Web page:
When Amazon announced its Fire TV Stick a couple months ago, many tech watchers (myself included) saw it as a direct assault on Google's Chromecast.
The comparison is certainly inviting. Both streaming media devices fit in the palm of your hand and plug directly into your TV's HDMI socket. The pricing is nearly the same as well, at $39 for the Fire TV Stick and $35 for Chromecast.
But beyond those skin-deep similarities, Chromecast and the Fire TV Stick couldn't be more different. As I've learned from reviewing the Fire TV Stick and using a Chromecast since its July 2013 launch, the two devices take different approaches to discovering and viewing video, and they have opposing ideas about what you should be watching in the first place. You could choose one or the other, but owning both isn't a crazy idea.
Remote vs. App
Unlike any other media streamer, Chromecast doesn't ship with a remote control. Instead, it expects you to launch video and music apps on your phone, tablet, or desktop Chrome browser and then tap a little "Cast" button to launch that content on the television. You can also mirror the screen from certain Android devices and from the Chrome browser with just a couple taps, though this will sap your device's battery much more quickly.
The idea is to get the traditional TV interface out of the way so you can control everything through the mobile device that's already in your pocket or on your lap. You don't have to download another set of apps specifically for the big screen, and you don't even have turn on the TV. Chromecast does this automatically when you start casting, and then switches to the correct input. On Android devices, you can can also adjust the volume, as long as it's no higher than your TV's current level.
The Fire TV stick very much embraces the traditional interface. You plug it in, turn on the TV, and use the included remote to scroll through a menu of video options. It's especially geared toward Amazon Prime Instant Video, so it feels much more prescriptive toward what to watch. You rarely waste time figuring out which app to launch, because there's already a sprawling array of Prime movies and TV shows on the home screen. While Chromecast's second-screen interface is faster in theory, it lacks the Fire TV Stick's immediate sense of turning on the TV to see "what's on."
It's worth noting that the Fire TV stick offers some Chromecast-like beaming from phones and tablets, but it works only with Netflix, YouTube, and Spotify for now. It's also not available through desktop Web browsers, it won't automatically turn on your TV, and it doesn't offer volume control. Casting to the Fire TV Stick is a backup option, not the central idea.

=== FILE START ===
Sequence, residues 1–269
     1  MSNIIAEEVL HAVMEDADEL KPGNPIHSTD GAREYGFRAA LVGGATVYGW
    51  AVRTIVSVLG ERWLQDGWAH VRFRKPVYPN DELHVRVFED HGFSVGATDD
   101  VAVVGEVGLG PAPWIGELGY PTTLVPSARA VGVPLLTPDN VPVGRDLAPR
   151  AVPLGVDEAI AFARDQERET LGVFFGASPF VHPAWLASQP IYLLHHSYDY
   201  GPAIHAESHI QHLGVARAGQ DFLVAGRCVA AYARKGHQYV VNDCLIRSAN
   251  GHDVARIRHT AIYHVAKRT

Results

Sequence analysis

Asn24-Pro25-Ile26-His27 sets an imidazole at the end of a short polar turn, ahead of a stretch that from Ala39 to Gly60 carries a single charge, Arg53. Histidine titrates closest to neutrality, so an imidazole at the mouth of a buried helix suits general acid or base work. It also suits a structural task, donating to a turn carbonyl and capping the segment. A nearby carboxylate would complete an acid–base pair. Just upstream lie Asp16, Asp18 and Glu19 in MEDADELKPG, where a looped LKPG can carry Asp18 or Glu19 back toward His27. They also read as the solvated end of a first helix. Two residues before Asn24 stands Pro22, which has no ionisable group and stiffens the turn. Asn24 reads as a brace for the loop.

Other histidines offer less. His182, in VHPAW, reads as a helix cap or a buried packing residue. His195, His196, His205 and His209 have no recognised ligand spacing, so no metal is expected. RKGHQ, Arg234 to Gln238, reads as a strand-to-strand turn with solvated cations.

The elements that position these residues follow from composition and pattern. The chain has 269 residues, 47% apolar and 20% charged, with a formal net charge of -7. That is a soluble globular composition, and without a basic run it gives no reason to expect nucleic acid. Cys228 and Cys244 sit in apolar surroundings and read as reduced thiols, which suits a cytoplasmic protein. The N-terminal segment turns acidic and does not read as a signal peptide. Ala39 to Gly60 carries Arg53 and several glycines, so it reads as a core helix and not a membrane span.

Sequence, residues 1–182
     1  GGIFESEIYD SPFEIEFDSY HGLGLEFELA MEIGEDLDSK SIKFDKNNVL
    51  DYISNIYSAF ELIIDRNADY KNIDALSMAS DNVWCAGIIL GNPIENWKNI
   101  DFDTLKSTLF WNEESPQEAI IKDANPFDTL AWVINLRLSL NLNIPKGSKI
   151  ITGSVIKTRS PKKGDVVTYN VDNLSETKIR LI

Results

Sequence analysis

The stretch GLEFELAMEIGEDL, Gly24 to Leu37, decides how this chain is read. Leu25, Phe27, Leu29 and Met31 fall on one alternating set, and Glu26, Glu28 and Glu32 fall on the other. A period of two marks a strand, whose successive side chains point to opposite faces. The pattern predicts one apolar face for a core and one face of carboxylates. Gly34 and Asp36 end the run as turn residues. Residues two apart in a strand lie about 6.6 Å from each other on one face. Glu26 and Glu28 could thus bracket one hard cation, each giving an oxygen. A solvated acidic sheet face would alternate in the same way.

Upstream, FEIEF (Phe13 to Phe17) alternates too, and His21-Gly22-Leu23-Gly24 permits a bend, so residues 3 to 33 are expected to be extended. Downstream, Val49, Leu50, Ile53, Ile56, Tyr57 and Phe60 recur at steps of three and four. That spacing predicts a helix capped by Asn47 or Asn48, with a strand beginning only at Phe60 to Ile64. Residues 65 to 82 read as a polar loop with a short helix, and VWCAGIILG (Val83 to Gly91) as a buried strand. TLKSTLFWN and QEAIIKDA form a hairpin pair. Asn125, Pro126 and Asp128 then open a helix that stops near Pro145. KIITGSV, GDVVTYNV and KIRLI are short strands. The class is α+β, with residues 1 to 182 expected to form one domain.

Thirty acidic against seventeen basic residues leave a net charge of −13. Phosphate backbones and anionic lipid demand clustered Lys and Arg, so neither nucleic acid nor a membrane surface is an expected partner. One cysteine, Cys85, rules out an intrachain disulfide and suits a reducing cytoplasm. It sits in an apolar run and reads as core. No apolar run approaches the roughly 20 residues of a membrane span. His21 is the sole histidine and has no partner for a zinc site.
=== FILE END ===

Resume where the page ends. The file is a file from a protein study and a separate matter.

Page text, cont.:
Prime vs. Play
No two streaming media devices have exactly the same selection of apps, but Chromecast and the Fire TV Stick have one major difference: Chromecast lets you stream videos and music from Google Play, but not from Amazon Prime. The opposite is true with the Fire TV Stick, which is focused mainly toward streaming Prime content and doesn't include any of Google's media offerings.
As I mentioned above, the Fire TV Stick pushes you to watch more Amazon videos than anything else by putting them front-and-center in the interface. Chromecast is inherently more ambivalent, since there's no interface to begin with. In the future, it seems more likely that Amazon's videos will come to Google's hardware than vice versa--especially with the recent launch of an official Amazon video viewer for Android phones. But for now, picking your device means pledging allegiance to one video service over another.
There are some other key app differences to note as well: Amazon has apps for Spotify, NFL Now, Vimeo, A&E, and PBS, none of which are available on Google's stick. Chromecast has apps for Songza, Comedy Central, Nickelodeon, Vudu, and HBO Go (at least until it lands on Amazon's Stick in the near future). You can view the full Chromecast app library here. Amazon's library is a bit harder to parse from the Web, as there's no way to filter out games, but you can peruse the full Fire TV catalog here .
Two sticks in a pod
Originally, I thought I'd compare these two devices and hand down a firm recommendation for one or the other. But given the differences in apps and viewing experience, I could easily see myself switching back and forth.
If I wanted to watch something from Amazon Prime, I'd turn on the Fire TV Stick and pick one of the recommended shows--probably straight from the home screen. But if I was just lounging around with my phone and wanted to throw something on, I'd just pick an app, hit the cast button and get back to what I was doing.
In a perfect world, there'd be one device that handled everything. While Google's Nexus Player with Android TV aims to do just that, it's more expensive than a Fire TV Stick and Chromecast combined, and it's not where it needs to be just yet. We in the tech world love to pit companies against one another, but with cheap streaming dongles like the Fire TV Stick and Chromecast, the living room is one place where they can live in harmony.